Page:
I have not been a big believer in Herb’s approach to basketball until this year. In fact, I absolutely hated that our program was being labled as a Princeton system that chews clock. I didn’t think our program was being positioned to ever be a top 10 program with his approach.

    However, perception and reality are often two entirely different things. Fore example, our offensive statistics in our 4 ACC games are unbelievable. We are 2nd in the ACC in scoring, 1st in assist/TO ratio, 1st in FG%, and 1st in 3 pt. percentage. We are shooting 52.5% from the 3 point line thru 4 games. We are 3rd in FG% defense.

    IMO, having an approach to basketball that produces these kinds of statistics can win a lot of games.

  14. choppack 01/17/2006 at 1:37 PM #

    O – I think a couple of things are going on here.

    1) We have a very good post prescence w/ Ced and Brack. This gives our guys better looks.
    2) We have 2 shooters, who w/ an open look and feet set, will make an open 3 more often than they miss. We have two, Bethel and Atsur – who are almost that good, but who can also shoot it off the dribble and w/out being as set.
    3) Bethel is very effective at breaking down an opponent off the dribble.
    4) We have 2 starter quality reserves coming off the bench in Grant and Brackman.

    We’ve had good skill players in the past. What really makes this team different is the combo of an offensive and defensive post prescence and a guard who can create his own shot. I’ll also say this, if you ‘ve got Ced down low, Evtimov, Atsur, Bethel and Cam on the perimeter, you have close to a perfect offense to attack a D. If Cam had a little better handle, and if Ev and Atsur were a little quicker, it would be perfect. However, this is college ball and perfection ain’t a requirement.

  15. Mr. O 01/17/2006 at 1:58 PM #

    Choppack: I guess what I was saying is that I don’t think Herb’s philosophy has changed this year one bit. Simply, Cedric’s improvement has given our coach more options and allows us to do things that we couldn’t do with last year’s team. You can only do what your personnel allows you to do. I think we are on the same page. I just disagreed with Sammy Kent’s assertion that we have abandoned an offense based on interchangeable parts.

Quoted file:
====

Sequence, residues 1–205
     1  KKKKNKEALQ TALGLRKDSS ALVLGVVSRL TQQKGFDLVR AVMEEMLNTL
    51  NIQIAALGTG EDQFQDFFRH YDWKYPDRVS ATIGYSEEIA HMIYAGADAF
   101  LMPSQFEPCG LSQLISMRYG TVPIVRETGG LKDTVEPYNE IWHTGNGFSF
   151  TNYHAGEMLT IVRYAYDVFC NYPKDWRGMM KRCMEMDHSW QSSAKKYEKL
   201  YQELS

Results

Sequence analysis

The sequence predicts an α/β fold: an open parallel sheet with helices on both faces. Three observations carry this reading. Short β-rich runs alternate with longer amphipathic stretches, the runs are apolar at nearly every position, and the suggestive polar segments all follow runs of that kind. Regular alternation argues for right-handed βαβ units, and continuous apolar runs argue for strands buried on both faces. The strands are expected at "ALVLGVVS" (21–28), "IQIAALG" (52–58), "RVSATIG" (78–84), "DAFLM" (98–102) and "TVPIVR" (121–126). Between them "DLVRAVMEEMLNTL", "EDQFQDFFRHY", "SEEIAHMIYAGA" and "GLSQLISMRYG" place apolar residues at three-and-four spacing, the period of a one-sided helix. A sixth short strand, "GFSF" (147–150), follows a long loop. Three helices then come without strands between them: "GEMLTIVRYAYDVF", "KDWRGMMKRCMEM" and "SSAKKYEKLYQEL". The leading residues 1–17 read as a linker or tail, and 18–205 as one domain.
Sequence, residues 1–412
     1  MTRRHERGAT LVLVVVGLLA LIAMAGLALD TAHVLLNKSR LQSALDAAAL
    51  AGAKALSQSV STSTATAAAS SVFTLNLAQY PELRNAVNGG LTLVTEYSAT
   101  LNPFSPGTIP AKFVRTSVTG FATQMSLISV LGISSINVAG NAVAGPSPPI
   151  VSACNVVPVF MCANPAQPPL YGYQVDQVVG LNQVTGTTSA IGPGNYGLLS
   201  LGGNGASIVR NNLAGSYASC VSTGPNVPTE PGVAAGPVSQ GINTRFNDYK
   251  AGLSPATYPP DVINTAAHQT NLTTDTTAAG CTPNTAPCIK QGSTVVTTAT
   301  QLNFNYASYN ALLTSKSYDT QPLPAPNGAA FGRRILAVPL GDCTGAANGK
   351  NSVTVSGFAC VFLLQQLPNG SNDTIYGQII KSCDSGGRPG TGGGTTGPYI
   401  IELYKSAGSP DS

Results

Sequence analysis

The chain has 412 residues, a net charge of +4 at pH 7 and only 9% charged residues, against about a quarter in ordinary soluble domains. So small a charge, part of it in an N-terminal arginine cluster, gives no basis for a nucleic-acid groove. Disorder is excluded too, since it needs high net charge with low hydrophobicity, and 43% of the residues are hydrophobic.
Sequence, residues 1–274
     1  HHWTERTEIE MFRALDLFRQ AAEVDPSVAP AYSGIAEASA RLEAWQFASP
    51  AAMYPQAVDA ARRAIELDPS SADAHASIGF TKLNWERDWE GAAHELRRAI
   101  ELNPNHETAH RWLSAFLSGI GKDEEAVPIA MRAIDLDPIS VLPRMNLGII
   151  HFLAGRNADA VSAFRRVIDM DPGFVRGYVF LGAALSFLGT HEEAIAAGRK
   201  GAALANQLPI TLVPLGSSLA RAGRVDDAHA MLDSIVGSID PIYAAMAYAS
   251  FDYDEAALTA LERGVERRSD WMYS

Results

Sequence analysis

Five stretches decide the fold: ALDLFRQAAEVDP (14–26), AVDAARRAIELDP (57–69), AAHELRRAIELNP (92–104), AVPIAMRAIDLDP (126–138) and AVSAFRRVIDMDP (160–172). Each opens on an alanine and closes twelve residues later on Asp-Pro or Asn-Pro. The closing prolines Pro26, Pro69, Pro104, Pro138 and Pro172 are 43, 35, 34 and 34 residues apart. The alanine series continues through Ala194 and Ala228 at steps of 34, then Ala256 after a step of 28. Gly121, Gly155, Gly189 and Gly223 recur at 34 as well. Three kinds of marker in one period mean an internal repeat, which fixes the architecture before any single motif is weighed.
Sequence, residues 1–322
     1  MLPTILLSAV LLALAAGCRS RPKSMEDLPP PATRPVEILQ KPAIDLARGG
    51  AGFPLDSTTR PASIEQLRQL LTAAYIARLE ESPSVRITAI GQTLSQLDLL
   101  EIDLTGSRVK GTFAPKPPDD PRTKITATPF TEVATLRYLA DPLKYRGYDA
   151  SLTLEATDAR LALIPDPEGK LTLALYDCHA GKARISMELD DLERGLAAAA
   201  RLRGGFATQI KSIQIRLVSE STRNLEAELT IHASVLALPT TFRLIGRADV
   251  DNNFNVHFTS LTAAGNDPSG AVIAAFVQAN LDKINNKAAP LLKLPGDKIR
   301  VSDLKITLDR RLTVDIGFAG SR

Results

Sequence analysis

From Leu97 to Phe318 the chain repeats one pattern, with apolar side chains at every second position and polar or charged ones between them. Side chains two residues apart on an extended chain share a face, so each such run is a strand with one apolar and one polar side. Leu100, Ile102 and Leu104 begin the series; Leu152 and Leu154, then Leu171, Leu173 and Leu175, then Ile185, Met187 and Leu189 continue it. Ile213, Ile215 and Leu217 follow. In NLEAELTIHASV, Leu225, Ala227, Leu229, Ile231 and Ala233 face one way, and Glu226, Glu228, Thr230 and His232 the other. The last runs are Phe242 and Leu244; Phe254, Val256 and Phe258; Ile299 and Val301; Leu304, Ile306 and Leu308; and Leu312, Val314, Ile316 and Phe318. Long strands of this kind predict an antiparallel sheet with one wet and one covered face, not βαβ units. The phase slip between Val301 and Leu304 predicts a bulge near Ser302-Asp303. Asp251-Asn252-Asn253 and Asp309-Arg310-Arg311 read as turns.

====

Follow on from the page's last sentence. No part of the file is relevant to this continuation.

16. choppack 01/17/2006 at 3:21 PM #

    I agree O. We utilized the low post a good deal w/ Powell in 2003.

    And one thing folks don’t understand. The offense itself is designed to create isolation in the post. Grundy and Hodge both scored probaly 10-13 ppg in iso post moves.

    Folks see what they want to see. What you typically won’t see is the flex offense – w/ 2 big men spending time on the blocks concurrently.

  17. JeremyHyatt 01/17/2006 at 4:16 PM #

    –sounds like that flex would give you much more offensive rebounding opportunities.

    Choppack–by the way I don’t think shooting off the dribble is Atsur’s strength at all, he is a “catch and shoot” kind of player. He looked terribly out of sync when he did the former in the Carolina game. Bethel may have the ability to penetrate and shoot after penetration but i have seen the majority of his production coming behind the 3-point line (which is fine because he is blowing it up right now, after a slow start).

    The offense has got to be a hybrid at this point, or rather an evolution. Obviously we are not melting the clock like we used to, and not relying on points from Princeton-like backcuts. We play to our strengths, Ced inside (or is it Ced Leap ahead?) and our blistering 3-point shooting. This has been echoed before by others and i agree with it.

    However when Ced is in foul trouble, as we have seen so often this early ACC season, and when the 3-s aren’t falling, case-in-point both loses, Iowa and Carolina, we end up not looking like top 15, but my sister’s tee-ball team. Hansborough ran over us like a truck.

    But the interchangable parts moniker, hey that’s ours mofo! That’s our tag-line: its all about team, and it doesn’t matter who ends up taking the shot. But maybe we deserve the moniker more than GW, if we relate the definition of “interchangable” not as all having the same skillset, but that is doesn’t really matter WHO is shooting the ball; each person has full confidence the others will knock it down. Hence that other person shooting might as well be you! Interchangable.